By all accounts, Betty Crowther is a plant enthusiast. Her Evans backyard has been transformed from dull and bland to bold and beautiful in a mere three years.
Upon entrance into her yard, which is paved with a pathway from deck to waterfall to swing, it's evident that a lot of work has gone into the home's garden.
"Back from devastation" is the term Crowther uses to describe the gardens now. Three years ago, the family had a number of diseased trees removed, which left the grass torn to shreds and the previously serene yard near destruction. A lone magnolia tree, planted in 1990, was left standing among the mess.
"I cried for days about it," said Crowther, who then dried her tears and got to work. What has transformed during the past three years is an oasis of sorts for the Crowther family, who has a view of the gardens from their kitchen.
"I arranged the garden so I don't see everything at once," said Crowther.
A waterfall and lush plants surround the back deck, with fragrant ginger and tea olive plants arranged near the door.
"I love fragrant flowers and love to put them where we'll be coming in and out," said Crowther.
Crowther's myriad plants have come from numerous places. For instance, Crowther first discovered the Mickey Mouse ears at the Botanical Gardens in Atlanta, where she now volunteers on a regular basis. She later bought her own plant while on vacation on St. Simons Island. Crowther's black flamingo plant was given to her as a cutting from a friend. The tea olive shrub came from Green Thumb West Nursery, and her fragrant ginger plant came from a plant swap.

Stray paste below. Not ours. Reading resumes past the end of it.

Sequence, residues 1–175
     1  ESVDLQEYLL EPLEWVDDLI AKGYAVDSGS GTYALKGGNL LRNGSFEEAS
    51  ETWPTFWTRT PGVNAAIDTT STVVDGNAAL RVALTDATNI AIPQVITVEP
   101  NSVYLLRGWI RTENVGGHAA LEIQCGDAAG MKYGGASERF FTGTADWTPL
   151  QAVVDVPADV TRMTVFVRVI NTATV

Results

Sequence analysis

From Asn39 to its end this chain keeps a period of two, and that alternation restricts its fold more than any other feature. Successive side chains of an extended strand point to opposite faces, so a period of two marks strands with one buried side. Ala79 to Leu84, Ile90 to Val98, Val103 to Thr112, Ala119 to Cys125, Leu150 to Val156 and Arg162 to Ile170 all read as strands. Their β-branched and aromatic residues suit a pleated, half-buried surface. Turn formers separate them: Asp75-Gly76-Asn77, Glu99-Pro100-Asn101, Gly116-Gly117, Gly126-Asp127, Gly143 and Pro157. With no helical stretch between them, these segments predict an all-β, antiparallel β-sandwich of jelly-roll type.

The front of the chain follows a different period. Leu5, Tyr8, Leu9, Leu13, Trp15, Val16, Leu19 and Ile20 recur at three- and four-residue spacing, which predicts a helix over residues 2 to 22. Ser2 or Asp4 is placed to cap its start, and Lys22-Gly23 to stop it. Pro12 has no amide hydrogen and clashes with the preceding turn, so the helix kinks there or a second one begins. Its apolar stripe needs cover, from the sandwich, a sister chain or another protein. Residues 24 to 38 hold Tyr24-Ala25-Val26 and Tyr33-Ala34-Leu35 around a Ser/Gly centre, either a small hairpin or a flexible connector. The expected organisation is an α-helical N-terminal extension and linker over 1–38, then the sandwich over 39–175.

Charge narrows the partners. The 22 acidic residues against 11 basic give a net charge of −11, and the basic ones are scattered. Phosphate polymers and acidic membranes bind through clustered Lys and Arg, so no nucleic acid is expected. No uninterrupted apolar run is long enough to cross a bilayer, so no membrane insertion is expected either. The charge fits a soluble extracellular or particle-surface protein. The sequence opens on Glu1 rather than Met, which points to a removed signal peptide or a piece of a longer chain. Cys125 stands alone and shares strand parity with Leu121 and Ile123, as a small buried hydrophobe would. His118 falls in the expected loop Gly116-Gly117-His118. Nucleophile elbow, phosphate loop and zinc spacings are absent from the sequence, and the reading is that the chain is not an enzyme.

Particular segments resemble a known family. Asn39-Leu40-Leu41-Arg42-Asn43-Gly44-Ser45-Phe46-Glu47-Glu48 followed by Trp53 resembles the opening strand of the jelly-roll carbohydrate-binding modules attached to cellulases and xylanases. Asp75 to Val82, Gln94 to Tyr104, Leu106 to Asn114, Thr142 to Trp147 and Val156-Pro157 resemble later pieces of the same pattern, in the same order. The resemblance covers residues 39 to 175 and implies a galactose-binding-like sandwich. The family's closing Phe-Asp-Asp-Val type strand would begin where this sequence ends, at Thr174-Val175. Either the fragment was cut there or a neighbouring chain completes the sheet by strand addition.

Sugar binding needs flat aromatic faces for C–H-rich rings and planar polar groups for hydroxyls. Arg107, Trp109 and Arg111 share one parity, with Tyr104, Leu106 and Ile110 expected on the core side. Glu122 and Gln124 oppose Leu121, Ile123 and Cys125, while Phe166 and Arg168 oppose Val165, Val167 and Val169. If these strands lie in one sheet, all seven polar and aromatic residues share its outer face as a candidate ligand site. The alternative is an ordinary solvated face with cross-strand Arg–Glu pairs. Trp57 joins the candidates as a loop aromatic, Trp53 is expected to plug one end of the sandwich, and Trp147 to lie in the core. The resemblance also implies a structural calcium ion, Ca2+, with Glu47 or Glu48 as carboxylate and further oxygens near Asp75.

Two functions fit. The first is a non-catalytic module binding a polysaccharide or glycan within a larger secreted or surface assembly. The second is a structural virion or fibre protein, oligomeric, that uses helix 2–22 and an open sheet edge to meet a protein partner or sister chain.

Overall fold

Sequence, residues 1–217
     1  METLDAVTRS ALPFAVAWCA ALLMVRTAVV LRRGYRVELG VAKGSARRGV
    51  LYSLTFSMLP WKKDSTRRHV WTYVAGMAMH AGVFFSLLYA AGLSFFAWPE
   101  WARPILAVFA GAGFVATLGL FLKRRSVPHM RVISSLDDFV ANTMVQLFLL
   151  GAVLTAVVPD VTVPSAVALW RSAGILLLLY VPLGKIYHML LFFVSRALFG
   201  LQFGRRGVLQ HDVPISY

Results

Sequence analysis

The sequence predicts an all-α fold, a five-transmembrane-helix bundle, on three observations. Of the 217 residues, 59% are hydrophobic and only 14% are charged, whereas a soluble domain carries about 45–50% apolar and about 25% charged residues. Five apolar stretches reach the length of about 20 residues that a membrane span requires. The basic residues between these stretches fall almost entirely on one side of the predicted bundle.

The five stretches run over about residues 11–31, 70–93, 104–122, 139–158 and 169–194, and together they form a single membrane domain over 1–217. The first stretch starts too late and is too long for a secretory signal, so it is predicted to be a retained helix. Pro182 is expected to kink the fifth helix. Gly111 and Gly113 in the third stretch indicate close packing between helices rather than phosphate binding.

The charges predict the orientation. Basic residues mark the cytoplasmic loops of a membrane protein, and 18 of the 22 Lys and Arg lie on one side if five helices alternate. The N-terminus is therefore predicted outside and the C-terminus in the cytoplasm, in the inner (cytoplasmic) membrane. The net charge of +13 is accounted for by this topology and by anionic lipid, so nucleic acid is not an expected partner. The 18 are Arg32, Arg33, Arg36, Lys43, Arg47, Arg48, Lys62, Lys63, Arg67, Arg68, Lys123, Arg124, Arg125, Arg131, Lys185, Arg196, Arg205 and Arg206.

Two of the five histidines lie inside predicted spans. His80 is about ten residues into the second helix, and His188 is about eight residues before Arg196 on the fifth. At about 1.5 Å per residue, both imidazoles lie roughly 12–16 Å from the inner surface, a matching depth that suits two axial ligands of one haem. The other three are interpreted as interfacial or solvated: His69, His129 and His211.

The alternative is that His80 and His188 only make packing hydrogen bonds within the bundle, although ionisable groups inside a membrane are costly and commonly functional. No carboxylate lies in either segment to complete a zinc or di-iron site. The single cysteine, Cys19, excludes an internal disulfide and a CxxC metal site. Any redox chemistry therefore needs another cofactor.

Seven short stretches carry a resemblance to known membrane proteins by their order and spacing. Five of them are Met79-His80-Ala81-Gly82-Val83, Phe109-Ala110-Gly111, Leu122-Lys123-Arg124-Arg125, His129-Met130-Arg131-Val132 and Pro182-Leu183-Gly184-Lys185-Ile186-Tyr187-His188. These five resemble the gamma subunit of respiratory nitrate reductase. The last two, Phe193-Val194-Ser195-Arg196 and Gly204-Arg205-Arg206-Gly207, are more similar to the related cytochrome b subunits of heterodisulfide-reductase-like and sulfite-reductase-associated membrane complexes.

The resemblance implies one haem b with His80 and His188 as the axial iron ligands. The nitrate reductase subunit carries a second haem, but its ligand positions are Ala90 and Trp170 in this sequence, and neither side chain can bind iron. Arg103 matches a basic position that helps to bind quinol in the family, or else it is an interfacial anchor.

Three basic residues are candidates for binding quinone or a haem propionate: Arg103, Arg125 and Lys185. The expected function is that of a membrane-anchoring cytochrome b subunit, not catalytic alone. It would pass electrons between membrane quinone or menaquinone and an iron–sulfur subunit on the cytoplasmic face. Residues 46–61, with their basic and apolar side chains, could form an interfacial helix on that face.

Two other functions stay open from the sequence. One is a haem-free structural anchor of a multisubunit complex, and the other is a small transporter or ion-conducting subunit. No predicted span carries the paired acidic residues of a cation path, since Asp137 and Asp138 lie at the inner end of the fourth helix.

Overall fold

"Some of my plants I buy from mail order," she said. "I'm a regular at the local nurseries. People should frequent them more often. They are an invaluable source of knowledge."
People might say Crowther's love of plants -- from her Easter egg plant to the coral bark maple -- is a little obsessive. But Crowther said it's a passion for which she is not going to apologize.
"Some people go to the outlet mall. For me, I like to go to the nursery," said Crowther, a master gardener who completed the program in 1990.
"Some people buy clothes, shoes and makeup. I buy plants."
Crowther admits that she spends a fair amount of time in her garden, but not nearly as much as she did before her 2-year-old grandson was born.
"Before my grandson came into my life, I used to say my garden was labor-intensive, but I don't mind it," she said, adding that a wheelbarrow given to her by her son and daughter and a pair of loppers given to her by her husband are among her favorite gifts.
"I get pleasure from the growing," she said. "I get the biggest kick out of putting this little seed in the ground and watching it poke through the soil and turn green and bloom."
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